Financial advisors remain a vital source of advice for most investors, according to the first-quarter 2019 Wells Fargo/Gallup Investor and Retirement Optimism Index survey.
The survey — which comprised interviews with 1,029 U.S. adults with $10,000 or more invested in stocks, bonds or mutual funds — found that 84% of investors say that financial advisors will always be needed and will not be replaced by automated investing technology.
Wayne Badorf, head of intermediary distribution at Wells Fargo Asset Management, told ThinkAdvisor that these investors see it as an “important relationship.”
“While they recognize automated investing, they want a person involved and they want primarily the person involved,” Badorf said. “That creates a tremendous amount of confirmation and optimism for the industry in general.”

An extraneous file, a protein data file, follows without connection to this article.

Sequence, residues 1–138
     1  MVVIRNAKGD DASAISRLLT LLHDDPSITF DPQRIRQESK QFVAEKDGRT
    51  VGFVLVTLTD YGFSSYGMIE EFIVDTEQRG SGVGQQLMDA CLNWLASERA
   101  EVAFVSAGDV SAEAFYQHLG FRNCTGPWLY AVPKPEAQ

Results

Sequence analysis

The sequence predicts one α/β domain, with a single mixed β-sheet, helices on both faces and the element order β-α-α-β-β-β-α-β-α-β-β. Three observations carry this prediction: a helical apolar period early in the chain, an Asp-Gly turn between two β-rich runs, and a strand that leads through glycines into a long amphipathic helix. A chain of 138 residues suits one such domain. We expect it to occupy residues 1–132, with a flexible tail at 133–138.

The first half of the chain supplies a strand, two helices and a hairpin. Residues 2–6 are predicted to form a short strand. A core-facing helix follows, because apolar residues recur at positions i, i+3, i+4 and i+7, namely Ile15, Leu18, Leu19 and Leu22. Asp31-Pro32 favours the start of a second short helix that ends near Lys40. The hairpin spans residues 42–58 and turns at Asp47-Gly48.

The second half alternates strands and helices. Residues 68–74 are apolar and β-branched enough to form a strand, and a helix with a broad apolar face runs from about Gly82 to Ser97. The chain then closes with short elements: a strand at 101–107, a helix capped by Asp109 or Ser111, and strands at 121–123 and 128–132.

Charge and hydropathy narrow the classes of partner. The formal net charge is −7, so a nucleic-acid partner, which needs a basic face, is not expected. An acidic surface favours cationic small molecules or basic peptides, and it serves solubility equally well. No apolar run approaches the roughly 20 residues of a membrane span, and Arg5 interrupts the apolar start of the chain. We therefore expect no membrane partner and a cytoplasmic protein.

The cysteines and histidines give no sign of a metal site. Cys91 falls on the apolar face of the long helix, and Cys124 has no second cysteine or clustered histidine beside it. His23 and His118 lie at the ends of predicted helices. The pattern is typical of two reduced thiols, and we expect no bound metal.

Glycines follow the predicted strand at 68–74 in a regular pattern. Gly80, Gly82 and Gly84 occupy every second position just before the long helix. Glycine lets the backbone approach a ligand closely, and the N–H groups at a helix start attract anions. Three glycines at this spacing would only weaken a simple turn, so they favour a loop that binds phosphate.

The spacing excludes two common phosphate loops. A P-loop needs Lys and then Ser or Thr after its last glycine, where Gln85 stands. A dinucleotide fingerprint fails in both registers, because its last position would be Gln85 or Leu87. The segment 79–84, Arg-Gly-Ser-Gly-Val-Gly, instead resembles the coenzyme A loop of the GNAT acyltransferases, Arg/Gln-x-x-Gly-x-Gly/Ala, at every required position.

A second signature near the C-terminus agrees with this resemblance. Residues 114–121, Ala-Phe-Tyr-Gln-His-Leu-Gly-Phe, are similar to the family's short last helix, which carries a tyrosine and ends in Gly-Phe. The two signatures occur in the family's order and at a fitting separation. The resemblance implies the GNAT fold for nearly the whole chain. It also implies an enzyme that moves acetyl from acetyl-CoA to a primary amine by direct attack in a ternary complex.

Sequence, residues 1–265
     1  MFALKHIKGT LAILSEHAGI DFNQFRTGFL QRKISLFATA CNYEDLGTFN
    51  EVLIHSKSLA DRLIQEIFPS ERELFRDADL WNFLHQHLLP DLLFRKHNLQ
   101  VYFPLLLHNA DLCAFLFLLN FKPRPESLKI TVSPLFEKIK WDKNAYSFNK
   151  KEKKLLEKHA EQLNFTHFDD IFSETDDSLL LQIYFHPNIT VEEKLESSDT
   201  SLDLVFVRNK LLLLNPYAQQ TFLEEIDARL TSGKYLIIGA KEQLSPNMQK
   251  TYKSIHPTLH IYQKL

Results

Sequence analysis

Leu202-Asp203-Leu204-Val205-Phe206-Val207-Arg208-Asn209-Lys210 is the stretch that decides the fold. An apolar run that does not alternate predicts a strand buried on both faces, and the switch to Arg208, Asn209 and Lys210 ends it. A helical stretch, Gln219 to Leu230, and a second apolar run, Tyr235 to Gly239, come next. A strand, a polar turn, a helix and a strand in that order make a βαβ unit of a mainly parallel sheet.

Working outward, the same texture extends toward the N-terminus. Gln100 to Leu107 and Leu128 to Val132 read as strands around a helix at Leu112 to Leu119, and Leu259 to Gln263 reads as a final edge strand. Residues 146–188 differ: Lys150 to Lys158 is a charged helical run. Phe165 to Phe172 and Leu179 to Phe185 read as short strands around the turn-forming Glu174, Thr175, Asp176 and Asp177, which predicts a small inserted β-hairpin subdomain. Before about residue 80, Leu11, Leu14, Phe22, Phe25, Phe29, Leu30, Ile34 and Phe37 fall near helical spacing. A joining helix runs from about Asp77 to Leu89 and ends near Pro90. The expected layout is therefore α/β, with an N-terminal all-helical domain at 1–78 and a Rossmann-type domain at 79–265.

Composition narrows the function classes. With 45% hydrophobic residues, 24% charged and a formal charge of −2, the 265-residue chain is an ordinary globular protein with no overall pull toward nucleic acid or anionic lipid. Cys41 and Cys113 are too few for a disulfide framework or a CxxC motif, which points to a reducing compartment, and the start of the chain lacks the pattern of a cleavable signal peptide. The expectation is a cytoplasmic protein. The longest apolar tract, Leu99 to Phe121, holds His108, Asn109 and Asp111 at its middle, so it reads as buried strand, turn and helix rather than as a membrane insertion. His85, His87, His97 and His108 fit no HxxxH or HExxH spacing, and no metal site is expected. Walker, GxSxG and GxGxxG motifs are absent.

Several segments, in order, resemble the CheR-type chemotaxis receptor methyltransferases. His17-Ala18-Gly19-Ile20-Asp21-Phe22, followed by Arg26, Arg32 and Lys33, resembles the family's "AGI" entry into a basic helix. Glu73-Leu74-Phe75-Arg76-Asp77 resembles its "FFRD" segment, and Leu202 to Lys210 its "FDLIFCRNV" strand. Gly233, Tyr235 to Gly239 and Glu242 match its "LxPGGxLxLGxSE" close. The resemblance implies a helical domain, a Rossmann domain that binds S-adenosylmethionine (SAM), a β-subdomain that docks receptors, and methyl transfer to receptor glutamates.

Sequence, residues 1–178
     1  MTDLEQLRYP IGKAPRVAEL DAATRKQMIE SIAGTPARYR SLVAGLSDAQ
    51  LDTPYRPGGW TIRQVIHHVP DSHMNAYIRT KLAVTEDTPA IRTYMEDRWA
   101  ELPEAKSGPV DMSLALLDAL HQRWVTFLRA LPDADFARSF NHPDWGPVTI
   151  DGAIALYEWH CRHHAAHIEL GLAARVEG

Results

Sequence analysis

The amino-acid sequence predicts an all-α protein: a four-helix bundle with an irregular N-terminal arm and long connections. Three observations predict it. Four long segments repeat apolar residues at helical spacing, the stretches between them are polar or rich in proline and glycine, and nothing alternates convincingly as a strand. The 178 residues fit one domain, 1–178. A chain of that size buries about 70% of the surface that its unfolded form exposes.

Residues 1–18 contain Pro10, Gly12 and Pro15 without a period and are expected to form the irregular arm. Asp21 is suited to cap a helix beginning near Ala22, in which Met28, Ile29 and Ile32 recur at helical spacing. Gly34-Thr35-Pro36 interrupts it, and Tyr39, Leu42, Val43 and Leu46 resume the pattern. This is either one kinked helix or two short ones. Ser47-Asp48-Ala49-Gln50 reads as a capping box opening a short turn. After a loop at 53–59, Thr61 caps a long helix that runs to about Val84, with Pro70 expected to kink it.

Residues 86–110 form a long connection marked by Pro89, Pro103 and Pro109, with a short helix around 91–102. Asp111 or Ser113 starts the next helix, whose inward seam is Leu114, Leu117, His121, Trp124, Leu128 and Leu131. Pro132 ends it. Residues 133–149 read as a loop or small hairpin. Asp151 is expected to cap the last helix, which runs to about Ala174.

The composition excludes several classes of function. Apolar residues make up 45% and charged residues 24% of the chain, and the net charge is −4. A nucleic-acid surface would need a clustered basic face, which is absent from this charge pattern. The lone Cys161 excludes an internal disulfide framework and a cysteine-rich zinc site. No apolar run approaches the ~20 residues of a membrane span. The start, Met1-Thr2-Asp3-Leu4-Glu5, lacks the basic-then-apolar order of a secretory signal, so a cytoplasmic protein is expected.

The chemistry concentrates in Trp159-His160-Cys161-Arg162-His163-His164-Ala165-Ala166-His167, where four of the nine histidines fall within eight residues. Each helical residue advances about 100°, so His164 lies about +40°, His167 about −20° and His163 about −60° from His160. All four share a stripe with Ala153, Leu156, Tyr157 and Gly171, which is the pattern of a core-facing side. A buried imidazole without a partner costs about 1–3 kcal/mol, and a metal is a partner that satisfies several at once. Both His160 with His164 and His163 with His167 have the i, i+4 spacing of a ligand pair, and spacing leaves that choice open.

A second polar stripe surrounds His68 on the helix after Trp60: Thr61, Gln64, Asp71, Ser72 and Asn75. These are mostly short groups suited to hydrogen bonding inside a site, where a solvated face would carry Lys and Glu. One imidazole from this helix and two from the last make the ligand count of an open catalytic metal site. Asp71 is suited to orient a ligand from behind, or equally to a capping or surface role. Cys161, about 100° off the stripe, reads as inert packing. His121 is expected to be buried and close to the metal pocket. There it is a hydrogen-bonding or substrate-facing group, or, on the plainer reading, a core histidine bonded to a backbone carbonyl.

Investors expressed an openness to technology playing a role in their financial planning — just not at the expense of working with an advisor, the survey found.
Only 24% say they currently use automated investing technology for their own investing, without the assistance of an advisor. But 56% say they would prefer working with a financial advisor who uses automated investing tools on their behalf.
Another finding from the survey that Badorf found particularly interesting was the number of survey respondents that either work with or want to work with an advisor.
In total, 78% of investors either work with a financial advisor (56%) or would like to work with one (22%), suggesting that investors continue to want guidance from advisors when saving, investing and preparing for retirement.
“There’s a marketplace where firms need to figure out how do they connect to that 22% of the population that says ‘I see the need, I want to work with someone, but for some reason I don’t have that relationship today,’” Badorf told ThinkAdvisor.
How do the advisors bridge that gap?